Honesty and integrity are central to probity and define how any professional person should act: being upstanding and law-abiding, and respectful of the trust placed in you by others. This is vital in healthcare as trust is the fulcrum on which the doctor–patient relationship is balanced. Patients confide in you a great deal of personal and private information, exposing a degree of intimate information usually only reserved for those close to them, such as family. A good consultation is an open one and this requires a patient’s complete and justified faith in your professionalism.
Your duty to be honest and open covers all aspects of your professional practice. This includes:
- Writing your CV
- Preparing medical reports
- Record-keeping – medical records should be contemporaneous and not retrospectively altered in the event of a complaint or claim
- Any other documents or forms you are asked to sign or complete – they must be comprehensive and include all relevant information
- Giving evidence or acting as a witness – as well as being truthful when giving a spoken or written statement, you must be honest about the limitations of your knowledge and competence
- Co-operating fully with any complaint or investigation related to your treatment of patients, including disclosing any relevant information with appropriate consent
- Assisting the coroner or procurator fiscal with inquests or inquiries into a patient’s death.
"Honesty and integrity are central to probity and define how any professional person should act"
Research is another area of clinical work that you may become involved in. It is essential in improving the standard of healthcare and for exploring new possibilities, ensuring clinical care continues to develop now and in the future. In recognition of its importance, the GMC has produced supplementary guidance on the good practice principles of working in research: Good practice in research and Consent to research (2010).
Avoiding conflicts of interests is another important aspect of probity and can be complex, and even innocently committed. Any financial interests or commitments you may have in a healthcare, pharmaceutical or biomedical organisation must play no part in the treatment decisions you make for your patients. If it is in the patient’s best interests that their treatment utilise the services of such an organisation, then you must disclose this to the patient. This is particularly pertinent in the new arena of clinical commissioning groups – and the GMC has produced specific explanatory guidance on this topic – Financial and commerical arrangements and conflicts of interest (2013).
Overall it is the patient’s best interests that are the deciding factor in any decision made about their treatment, and this must not be affected by any inducements offered to you or by you. The Bribery Act, introduced in 2010, carries severe punishments of up to ten years in jail for anyone who improperly carries out a “function or activity” for financial or other advantage.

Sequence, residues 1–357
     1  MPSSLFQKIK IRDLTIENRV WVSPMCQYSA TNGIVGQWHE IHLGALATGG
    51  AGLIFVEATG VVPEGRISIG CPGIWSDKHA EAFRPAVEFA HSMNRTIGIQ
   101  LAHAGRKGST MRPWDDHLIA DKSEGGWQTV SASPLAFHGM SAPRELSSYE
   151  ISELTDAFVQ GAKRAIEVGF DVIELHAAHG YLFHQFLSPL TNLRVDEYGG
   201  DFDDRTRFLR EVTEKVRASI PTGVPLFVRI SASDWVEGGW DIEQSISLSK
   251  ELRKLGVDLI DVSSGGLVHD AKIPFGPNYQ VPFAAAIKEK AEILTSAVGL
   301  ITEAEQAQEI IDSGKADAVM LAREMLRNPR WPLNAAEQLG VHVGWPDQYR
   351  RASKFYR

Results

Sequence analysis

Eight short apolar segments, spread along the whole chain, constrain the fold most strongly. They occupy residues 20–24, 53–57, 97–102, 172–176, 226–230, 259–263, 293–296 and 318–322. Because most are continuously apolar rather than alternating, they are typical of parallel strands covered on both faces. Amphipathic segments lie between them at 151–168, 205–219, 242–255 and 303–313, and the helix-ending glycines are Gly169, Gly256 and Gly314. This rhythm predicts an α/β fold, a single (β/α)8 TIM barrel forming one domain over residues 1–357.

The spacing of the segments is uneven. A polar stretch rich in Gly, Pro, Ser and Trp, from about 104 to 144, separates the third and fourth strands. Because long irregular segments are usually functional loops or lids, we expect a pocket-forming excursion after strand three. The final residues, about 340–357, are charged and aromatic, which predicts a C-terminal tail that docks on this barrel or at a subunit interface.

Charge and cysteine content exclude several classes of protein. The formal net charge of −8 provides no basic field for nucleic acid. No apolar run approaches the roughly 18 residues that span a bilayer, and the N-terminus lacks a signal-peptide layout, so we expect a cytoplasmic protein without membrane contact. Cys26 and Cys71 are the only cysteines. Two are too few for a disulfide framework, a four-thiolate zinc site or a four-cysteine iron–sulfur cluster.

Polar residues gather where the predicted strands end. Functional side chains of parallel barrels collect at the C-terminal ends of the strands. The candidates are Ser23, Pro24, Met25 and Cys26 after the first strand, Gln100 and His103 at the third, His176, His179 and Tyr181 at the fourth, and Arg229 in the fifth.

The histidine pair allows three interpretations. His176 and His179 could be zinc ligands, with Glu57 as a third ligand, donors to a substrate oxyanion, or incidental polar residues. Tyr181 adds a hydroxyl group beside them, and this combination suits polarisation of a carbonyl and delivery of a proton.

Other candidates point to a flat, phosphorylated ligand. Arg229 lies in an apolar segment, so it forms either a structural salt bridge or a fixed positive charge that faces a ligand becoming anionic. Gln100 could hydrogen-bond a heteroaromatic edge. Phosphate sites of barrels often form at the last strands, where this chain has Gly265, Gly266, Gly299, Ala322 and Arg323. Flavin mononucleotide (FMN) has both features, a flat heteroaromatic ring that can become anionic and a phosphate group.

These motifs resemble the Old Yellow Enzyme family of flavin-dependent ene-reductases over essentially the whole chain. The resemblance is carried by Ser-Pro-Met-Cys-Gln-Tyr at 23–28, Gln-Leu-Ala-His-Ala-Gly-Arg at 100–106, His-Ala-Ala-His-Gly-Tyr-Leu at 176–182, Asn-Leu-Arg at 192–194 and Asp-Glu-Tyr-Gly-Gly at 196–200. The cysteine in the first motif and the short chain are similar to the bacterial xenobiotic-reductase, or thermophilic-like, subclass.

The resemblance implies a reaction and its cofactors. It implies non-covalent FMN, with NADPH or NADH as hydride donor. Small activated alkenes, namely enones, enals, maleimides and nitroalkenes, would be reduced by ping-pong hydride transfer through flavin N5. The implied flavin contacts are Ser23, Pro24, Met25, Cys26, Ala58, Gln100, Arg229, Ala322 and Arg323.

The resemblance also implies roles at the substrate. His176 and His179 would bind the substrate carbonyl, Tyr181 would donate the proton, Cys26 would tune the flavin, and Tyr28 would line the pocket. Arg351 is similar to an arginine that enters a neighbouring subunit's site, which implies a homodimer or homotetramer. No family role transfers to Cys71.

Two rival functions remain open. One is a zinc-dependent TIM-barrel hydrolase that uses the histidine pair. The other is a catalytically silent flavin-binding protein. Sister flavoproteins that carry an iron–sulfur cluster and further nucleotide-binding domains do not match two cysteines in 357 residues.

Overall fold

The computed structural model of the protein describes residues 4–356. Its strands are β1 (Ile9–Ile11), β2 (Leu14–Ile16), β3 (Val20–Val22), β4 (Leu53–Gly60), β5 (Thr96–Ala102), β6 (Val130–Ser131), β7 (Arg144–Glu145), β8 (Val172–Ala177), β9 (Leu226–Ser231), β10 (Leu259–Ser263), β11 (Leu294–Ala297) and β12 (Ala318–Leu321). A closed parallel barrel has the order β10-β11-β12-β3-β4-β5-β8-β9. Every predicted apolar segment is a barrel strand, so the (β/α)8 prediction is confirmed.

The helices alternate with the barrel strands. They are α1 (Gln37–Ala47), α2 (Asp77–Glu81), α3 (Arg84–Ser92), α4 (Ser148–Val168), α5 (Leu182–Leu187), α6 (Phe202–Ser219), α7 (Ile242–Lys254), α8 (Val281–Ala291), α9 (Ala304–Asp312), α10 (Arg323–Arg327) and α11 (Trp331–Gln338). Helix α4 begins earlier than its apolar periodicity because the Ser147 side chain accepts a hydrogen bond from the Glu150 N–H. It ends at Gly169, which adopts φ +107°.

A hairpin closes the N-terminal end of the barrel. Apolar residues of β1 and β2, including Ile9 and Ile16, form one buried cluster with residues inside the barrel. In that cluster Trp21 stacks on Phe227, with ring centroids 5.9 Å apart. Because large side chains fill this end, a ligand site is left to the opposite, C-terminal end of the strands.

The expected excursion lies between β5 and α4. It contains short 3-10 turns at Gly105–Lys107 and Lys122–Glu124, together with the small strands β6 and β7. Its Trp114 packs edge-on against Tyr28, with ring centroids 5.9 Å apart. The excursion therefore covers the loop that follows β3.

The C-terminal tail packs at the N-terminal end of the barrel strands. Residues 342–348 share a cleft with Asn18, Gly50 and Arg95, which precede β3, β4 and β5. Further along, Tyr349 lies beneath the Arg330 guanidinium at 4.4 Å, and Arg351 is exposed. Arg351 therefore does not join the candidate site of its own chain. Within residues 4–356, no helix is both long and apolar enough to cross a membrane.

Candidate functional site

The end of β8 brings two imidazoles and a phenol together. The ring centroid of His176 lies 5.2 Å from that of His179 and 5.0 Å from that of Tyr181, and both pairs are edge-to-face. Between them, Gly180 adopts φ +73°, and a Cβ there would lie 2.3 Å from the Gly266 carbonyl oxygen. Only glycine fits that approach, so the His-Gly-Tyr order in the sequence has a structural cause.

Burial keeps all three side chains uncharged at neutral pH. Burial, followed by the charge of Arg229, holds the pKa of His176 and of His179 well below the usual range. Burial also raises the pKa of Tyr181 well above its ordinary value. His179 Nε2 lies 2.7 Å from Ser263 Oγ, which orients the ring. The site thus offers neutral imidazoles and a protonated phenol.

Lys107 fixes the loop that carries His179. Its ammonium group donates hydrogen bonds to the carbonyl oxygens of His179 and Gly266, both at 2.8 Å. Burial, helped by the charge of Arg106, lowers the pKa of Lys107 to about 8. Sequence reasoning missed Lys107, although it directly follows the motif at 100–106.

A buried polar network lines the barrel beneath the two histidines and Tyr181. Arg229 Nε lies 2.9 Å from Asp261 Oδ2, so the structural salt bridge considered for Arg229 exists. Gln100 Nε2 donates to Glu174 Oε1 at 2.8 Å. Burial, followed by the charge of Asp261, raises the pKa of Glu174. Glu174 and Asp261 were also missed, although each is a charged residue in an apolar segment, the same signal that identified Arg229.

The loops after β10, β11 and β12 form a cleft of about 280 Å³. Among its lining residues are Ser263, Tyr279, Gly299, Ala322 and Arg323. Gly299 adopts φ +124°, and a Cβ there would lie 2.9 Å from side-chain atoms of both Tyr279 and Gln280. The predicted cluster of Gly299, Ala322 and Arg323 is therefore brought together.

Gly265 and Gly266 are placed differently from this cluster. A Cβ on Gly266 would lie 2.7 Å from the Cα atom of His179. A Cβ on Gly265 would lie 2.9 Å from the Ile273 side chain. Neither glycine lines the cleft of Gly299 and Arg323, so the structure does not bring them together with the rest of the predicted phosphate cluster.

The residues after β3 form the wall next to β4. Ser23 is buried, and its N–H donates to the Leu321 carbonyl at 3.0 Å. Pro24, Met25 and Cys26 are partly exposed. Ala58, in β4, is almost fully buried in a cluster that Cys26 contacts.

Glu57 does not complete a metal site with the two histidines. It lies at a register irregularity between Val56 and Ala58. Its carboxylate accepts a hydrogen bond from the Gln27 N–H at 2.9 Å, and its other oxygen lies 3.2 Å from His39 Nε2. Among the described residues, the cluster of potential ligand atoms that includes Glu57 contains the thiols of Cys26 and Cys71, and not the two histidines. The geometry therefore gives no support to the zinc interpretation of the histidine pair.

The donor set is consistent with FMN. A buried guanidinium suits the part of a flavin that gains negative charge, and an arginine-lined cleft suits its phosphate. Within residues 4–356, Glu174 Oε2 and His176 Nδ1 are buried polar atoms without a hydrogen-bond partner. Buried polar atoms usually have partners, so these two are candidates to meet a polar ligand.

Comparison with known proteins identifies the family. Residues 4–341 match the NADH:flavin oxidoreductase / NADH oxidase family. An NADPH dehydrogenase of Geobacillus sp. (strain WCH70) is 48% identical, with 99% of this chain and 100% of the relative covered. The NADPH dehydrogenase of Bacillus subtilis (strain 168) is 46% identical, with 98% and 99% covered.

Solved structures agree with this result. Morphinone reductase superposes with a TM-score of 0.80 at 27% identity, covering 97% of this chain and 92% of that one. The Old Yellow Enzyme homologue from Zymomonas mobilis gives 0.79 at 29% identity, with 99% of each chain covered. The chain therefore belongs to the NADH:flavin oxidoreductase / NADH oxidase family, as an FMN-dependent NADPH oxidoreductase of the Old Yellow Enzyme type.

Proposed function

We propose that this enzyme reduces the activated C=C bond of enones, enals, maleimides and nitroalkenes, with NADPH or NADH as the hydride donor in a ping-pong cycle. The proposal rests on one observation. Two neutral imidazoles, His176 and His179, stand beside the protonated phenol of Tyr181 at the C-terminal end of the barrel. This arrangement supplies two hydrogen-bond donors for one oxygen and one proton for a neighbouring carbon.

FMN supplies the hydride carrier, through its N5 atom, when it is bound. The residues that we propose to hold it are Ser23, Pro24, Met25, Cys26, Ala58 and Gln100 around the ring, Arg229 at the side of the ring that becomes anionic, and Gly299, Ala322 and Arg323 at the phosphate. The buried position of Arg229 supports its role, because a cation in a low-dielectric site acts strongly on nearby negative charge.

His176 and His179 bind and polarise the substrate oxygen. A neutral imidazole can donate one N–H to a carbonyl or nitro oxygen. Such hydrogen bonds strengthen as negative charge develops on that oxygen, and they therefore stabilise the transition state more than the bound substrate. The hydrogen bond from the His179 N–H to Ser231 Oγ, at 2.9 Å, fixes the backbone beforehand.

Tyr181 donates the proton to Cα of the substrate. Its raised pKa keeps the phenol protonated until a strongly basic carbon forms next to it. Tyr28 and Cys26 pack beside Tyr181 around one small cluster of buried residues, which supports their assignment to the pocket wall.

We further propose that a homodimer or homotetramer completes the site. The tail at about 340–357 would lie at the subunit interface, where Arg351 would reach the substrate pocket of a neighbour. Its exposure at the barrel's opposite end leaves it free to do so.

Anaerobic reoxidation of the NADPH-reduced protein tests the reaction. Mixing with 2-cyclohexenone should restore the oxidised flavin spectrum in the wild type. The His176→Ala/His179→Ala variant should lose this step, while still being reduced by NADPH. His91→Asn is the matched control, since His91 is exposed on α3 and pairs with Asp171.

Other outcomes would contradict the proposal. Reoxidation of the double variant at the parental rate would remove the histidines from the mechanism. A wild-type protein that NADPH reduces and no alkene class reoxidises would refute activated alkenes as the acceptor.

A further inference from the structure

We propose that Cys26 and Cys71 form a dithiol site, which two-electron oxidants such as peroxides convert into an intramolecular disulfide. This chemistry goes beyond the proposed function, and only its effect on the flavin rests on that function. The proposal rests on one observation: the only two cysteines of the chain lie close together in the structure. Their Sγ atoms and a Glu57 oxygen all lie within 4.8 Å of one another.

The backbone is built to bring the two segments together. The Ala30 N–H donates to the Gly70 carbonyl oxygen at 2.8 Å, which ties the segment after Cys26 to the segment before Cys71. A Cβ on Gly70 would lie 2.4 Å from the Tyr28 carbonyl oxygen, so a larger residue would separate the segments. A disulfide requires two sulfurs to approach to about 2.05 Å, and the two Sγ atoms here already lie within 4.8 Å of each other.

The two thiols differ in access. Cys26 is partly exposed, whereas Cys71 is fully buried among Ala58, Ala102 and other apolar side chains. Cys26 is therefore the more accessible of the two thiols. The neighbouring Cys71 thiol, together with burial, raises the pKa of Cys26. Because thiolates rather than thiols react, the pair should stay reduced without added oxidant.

Case Study: Fight night
The GMC is not just interested in how doctors practise in a clinical setting. The GMC is interested in any aspect of the conduct of a doctor, which could raise a question about their fitness to practise, and undermine the public’s trust in the medical profession. What many students and junior doctors fail to grasp is that a serious mistake in your personal life could harm your prospects before you’ve even qualified.
Dr Hassan was out celebrating the completion of her F1 year, and her impending full registration with the GMC, when she got embroiled in a fight in the city centre. During the fight the police arrived and arrested all those who appeared to be involved. After this, Dr Hassan subsequently accepted a caution for assault.
When she came to apply for full registration with the GMC, Dr Hassan completed the declaration on fitness to practise. She didn’t think that the caution was relevant, since it did not arise from her professional conduct, and was embarrassed, so filled in the forms without disclosing the caution.
A few months into Dr Hassan’s first job as an F2, a CRB check highlighted the issue. Dr Hassan’s trust referred the matter to the GMC. The GMC soon instigated fitness to practise proceedings on the basis of dishonest failure to disclose, which led to her being dismissed from her post.
The GMC takes dishonest and inappropriate behaviour very seriously. Probity in the eyes of the GMC means being honest, trustworthy and acting with integrity, which is at the heart of medical professionalism.
The GMC requires full and prompt disclosure of cautions and convictions. If you do find yourself in difficulty, take advice from your MDO, trainer or deanery – don’t be tempted to cover it up; if such attempts are discovered, it can do serious harm to your medical career. Hospital trusts will generally take a hard line on dishonest applications, and can treat it as gross misconduct, leading to immediate dismissal.
Examples of other things that may concern the GMC include: alcohol misuse affecting clinical work, misuse of drugs (even if there are no legal proceedings), drunk driving, bullying and physical violence.
Be aware that your behaviour outside the clinical environment, including in your personal life, may have an impact on your fitness to practise.